The Internet caused me about 3000 calories this weekend. And by "caused," of course I mean "caused me to consume." Here I am, trying to lose weight, working out at the gym just about every day, and what do I do?
Well, I was all by myself Friday night, which was very typical, and I was craving fudge, which was not very typical. Unfortunately, I had, for the first time in my life, all the ingredients for fudge in my pantry. My parents unloaded all the extra Christmas groceries on me. I would love to blame them for over-spending and buying way too many groceries, but the sad fact is that I helped to make the grocery list and I helped to buy the groceries, adding impulse foods to the grocery cart. My parents had offered half the groceries to Brother 2 who politely declined, saying that if he needed anything he'd simply run over to my house and get it.
On about my tenth trip bringing groceries to the car, my father commented that I was blessed to have such a good brother. I only assumed that he was talking about the fact that Brother 2 was generous enough to let me have all the food. To me, my brother's motives were transparent: he didn't want to accept the leftover groceries because he didn't want any of the work required in accepting them (loading and unloading the car, rearranging the entire kitchen to fit in massive amounts of new, fatty foods) and he didn't want any of the accompanying calories. ("Fifteen pounds of mixed nuts? No thanks---send them over to Cicada's.") He also didn't want the responsibility of consuming all the spoilable food before it spoiled, so the family-sized bag of carrot sticks was unloaded on me (and I don't even like carrot sticks!). With it came heads of lettuce, bags of celery, cartons of eggs, bags of sauerkraut (I find that those who like sauerkraut really like it, but those who don't just stay away from it), bags of lunch meats, loaves of bread, two dozen oranges, three grapefruits, and a single $25 truffle.
I was about to expose my brother for the fraud that he was but before contesting my father's statement that I have such a good brother, I remembered that as far as brothers go, you can't ask for anything better than Brother 2 (or any of my other brothers). So I acknowledged the truth of my father's statement and went on packing up the car. An hour later, I tried to remember how good to me Brother 2 is again, as I unloaded the car at my house, all alone. Three hours after that, when all the new food finally found its place in my kitchen cupboards and pantry, I still was trying to focus on how good a brother Brother 2 is to me.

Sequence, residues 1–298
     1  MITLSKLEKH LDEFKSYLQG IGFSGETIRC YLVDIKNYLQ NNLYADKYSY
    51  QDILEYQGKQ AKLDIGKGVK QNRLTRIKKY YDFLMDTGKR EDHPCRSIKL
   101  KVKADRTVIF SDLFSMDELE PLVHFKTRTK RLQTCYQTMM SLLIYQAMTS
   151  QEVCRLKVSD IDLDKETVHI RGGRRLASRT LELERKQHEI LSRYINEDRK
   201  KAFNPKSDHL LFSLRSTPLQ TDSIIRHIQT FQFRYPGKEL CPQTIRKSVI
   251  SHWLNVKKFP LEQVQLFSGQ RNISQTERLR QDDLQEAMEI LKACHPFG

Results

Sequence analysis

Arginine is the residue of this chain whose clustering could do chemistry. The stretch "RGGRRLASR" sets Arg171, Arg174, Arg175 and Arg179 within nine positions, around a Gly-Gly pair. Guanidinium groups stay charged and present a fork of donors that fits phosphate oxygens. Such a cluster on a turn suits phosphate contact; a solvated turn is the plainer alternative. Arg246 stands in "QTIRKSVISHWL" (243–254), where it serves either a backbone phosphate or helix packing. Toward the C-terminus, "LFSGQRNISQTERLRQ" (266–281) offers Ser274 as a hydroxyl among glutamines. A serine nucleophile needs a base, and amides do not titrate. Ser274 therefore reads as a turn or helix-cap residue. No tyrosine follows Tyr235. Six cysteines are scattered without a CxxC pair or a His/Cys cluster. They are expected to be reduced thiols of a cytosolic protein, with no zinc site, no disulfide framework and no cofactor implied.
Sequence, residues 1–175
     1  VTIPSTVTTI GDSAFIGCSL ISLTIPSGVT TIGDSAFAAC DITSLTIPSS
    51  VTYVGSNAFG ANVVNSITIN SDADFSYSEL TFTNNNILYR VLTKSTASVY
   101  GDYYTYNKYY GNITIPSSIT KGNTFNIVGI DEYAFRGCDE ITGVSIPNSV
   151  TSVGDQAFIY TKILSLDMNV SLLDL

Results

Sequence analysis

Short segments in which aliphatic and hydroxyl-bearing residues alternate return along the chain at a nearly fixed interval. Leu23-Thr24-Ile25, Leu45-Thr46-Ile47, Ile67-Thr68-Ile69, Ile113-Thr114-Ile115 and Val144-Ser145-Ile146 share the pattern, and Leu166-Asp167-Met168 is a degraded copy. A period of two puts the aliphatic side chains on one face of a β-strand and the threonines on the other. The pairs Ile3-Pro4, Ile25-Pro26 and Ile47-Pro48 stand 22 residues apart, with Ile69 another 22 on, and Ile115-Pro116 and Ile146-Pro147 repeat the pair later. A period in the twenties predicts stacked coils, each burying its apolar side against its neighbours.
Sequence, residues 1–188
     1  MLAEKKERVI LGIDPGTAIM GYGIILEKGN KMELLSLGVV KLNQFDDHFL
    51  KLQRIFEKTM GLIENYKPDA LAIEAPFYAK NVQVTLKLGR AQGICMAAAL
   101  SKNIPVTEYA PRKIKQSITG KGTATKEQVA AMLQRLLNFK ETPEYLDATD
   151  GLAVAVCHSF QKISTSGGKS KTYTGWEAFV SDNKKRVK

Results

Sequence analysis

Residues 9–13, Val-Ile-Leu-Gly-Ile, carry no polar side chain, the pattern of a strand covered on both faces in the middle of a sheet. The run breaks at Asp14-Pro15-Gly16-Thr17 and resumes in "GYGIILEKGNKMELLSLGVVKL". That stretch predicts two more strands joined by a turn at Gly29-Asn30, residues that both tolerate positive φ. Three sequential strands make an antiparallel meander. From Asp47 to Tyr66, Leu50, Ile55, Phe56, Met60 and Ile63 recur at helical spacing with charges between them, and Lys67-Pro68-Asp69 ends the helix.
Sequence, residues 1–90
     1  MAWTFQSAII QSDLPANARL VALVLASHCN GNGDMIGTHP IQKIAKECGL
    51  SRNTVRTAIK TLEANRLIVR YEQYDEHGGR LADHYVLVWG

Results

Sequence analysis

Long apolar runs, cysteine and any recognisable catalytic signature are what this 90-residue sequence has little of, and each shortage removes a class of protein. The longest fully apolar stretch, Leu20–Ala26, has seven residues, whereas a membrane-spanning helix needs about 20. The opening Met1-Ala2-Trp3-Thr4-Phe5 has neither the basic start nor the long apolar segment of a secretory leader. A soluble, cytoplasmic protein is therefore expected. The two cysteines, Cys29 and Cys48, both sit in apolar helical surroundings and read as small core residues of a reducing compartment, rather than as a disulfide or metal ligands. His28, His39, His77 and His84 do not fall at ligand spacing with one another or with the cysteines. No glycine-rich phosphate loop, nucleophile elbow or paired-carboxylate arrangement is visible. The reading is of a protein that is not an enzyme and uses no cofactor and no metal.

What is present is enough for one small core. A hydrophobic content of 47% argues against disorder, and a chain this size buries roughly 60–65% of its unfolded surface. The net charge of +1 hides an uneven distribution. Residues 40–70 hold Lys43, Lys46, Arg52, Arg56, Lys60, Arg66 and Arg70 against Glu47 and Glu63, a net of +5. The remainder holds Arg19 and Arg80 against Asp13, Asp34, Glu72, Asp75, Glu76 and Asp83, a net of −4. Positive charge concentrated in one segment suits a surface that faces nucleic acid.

At home, it was my obligation to use the food before it rotted. Of course, things like chocolate chips (several bags), sugar (ten pounds), flour (five pounds), shortening (three pounds), butter (three pounds), pecans (two bags), Jell-O mixes (four boxes), maraschino cherries (one jar), jam (two jars), salad dressings (three bottles), and nuclear-fall-out-sized bags of potato chips (one and a half) didn't need to be attended to immediately. I needed to concentrate on the perishables. So it was that I used the internet to help me find a low-calorie solution for the carrots. I was able to find a recipe that needed exactly three pounds of carrots. I made a carrot-dill soup and now, three days later, our house still smells of dill and my fingers are turning orange.
Celery soup is next. And I'd better eat some sort of meal involving truffles later this week, too.
But going back to the second paragraph of this post, so it was that I was sitting by myself on a Friday night, all alone, and craving fudge. And for the first time in my life, I had all the ingredients for fudge in my house (I wisely do not buy ingredients for fatty foods so that I'm never able to cave to my cravings). Fortunately, this craving only kicked in at about 10:00 on Friday night, and although I had the ingredients for fudge, I didn't have the recipe. I couldn't call my mother because it was midnight on the East Coast. I congratulated myself on being unable to make and therefore eat fudge. Unfortunately, I realized about five minutes later that the recipe is a Kraft recipe and therefore was probably easily findable on the internet.
And so it was that I made the fudge and consumed almost half of it in two days. Now, ever thankful for a fast Sunday, I'm skipping calories this morning and I'm bringing the rest of the fudge to our ward break the fast in two hours. Maybe they'll have some use for mixed nuts?